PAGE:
For the New York Giants it might as well be 1962. After a shaky start they are growing stronger and stronger and, coming into the stretch, they are even with the apparently fading Cleveland Browns. And this year the Giants are still depending on a bald, 37-year-old Texas-reared insurance salesman from Palo Alto, Calif. to move the ball for them. A year hasn't changed him much—just made him a better football player, as he demonstrated once again in Sunday's 42-14 triumph over the Philadelphia Eagles. He threw for three scores to bring his season's total of touchdown passes to 23.
Yelberton Abraham Tittle knows he has a lot to learn about selling insurance and thinks he has a lot to learn about playing football. But to some 35 million pro football fans, Y.A. is the best quarterback in action today. Whether selling insurance or playing ball, Tittle is a serious man; he is also something of a mystic about football.
"After every game people ask me questions about how I figured the other team," he said the other day in his still-lingering Texas accent. "You can't answer the questions. There isn't any answer. It's a matter of feeling. You have to be in this league a long, long time before you get the feeling. I can't say to you, 'I know this club is going to red-dog because I heard all about it in meetings, and I know that if player Y plays here, it's a red dog; if he plays there, it isn't.' That's not the way it works, because player Y knows as much about it as I do. You have to be in the league a long lime and remember things, and at last you get a feel about it. If you could learn it by studying movies, a good smart college quarterback could learn all you've got to learn in three weeks and then come in and be as good as the old heads. But they can't Because you look at seven or eight different teams each year and they have a different feel and a different look, and you have to learn to look at them and know this is this team and Night Train Lane is the corner back and I better not throw anything into the flat on his side. Because I know he comes up quick and he can pick off the flat pass, and if he does we don't just lose the ball. We probably lose six points, too."
In a game where the rule now is preconceived strategy—the careful, long, thought-out game plan that makes small allowance for the idiosyncrasies of individuals—Tittle is an individualist.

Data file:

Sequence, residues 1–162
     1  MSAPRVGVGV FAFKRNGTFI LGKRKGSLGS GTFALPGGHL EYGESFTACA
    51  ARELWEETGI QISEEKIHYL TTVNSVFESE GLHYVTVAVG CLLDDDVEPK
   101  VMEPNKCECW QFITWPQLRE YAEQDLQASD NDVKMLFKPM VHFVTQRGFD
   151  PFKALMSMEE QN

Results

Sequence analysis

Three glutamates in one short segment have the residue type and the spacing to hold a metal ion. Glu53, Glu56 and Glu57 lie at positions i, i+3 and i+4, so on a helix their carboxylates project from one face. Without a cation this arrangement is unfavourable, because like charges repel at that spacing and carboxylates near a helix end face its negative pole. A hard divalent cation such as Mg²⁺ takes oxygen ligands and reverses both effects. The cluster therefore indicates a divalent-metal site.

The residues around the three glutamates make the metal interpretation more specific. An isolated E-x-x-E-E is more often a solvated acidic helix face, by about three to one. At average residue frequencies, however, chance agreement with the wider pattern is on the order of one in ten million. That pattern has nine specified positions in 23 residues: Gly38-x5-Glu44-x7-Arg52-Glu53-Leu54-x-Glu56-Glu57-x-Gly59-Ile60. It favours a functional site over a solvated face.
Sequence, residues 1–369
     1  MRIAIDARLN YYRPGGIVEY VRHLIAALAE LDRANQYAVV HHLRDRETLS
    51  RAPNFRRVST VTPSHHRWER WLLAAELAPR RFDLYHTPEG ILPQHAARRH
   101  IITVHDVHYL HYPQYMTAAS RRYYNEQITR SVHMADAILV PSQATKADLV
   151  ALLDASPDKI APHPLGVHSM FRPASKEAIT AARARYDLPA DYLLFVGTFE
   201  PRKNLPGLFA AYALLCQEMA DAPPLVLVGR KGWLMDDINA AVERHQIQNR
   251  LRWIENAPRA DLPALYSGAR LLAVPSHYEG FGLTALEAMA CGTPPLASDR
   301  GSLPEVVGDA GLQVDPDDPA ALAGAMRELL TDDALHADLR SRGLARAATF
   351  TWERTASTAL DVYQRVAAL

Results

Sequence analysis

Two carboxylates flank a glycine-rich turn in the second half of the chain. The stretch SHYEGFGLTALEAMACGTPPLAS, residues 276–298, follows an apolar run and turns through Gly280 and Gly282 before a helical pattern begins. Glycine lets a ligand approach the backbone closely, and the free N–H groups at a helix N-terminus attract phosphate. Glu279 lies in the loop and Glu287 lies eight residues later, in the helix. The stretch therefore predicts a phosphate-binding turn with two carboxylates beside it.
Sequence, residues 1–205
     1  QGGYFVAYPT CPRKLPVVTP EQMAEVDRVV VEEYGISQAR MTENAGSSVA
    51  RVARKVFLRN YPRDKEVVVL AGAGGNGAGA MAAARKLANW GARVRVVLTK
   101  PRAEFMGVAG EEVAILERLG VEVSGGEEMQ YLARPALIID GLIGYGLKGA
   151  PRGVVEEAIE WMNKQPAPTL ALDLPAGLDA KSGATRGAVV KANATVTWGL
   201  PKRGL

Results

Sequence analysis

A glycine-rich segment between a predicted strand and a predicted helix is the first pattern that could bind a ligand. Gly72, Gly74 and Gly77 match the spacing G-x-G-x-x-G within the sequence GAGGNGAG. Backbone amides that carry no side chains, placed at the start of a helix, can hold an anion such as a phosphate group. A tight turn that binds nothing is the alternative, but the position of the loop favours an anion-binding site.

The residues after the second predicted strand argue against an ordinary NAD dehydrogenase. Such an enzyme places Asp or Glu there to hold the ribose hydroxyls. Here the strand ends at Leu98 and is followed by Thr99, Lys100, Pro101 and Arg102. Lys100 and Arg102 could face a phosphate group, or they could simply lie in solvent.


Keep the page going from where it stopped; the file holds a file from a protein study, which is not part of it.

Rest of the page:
"It's changed a lot since I came up in 1948," he said. "It's changed a lot since 1953. You spend 10 times as much time on preparation You go over defenses and reactions and keys and how you read. You learn little things about the other team, or about certain players you didn't even consider 10 years ago. But you ask me how it's changed, and it isn't that so much. I have to think about it, because I want to say it right. I want to get the meat of the change in what I say."
He thought of the meat of the change, his blue eyes peering seriously from deep in his bony cave of eyebrows and cheekbones. "Maybe it is this," he said at last. "With all the preparation, the defensive units play as teams. It isn't a question of individual effort, but individual effort goes into it. What I mean is, everybody on the defensive team has a job to do, and they do that job first. They do what they're told to do, what they're coached to do. So you can't count on one guy's personality. You can't count on a corner back playing too tight in one situation, too loose in another. He plays where he has been taught to play. And they all play longer. So they get better, playing longer."
Tittle's own team is a good example of what he means. The two Giant units—offense and defense—have played together for three or four years, with few exceptions. Tittle himself is a latecomer, but he fits in with the Giant veterans as smoothly as a replacement part in a Cadillac. He runs the Giant team confidently and with almost no help from Allie Sherman on the sideline. When the Giants won a crucial game from the Cleveland Browns recently, Tittle, using that clear knowledge of defenses and defensive personnel he has built up in some 15 years in pro football, called audible signals through nearly all of the first half of the game as the Giants conned Frank Ryan and jimmy Brown and pulled away to a big lead.
"Sometimes the defense changes radically," he said. "Maybe you expected an even line, and they're in an odd one. Or maybe I look at them and read blitz and check off."
Tittle is one quarterback who is not often harried by blitzes, principally because he recognizes them quickly and because, too, he is probably the most adept quarterback in the league at throwing a screen pass, which can destroy a blitzing team.
Little things mean a lot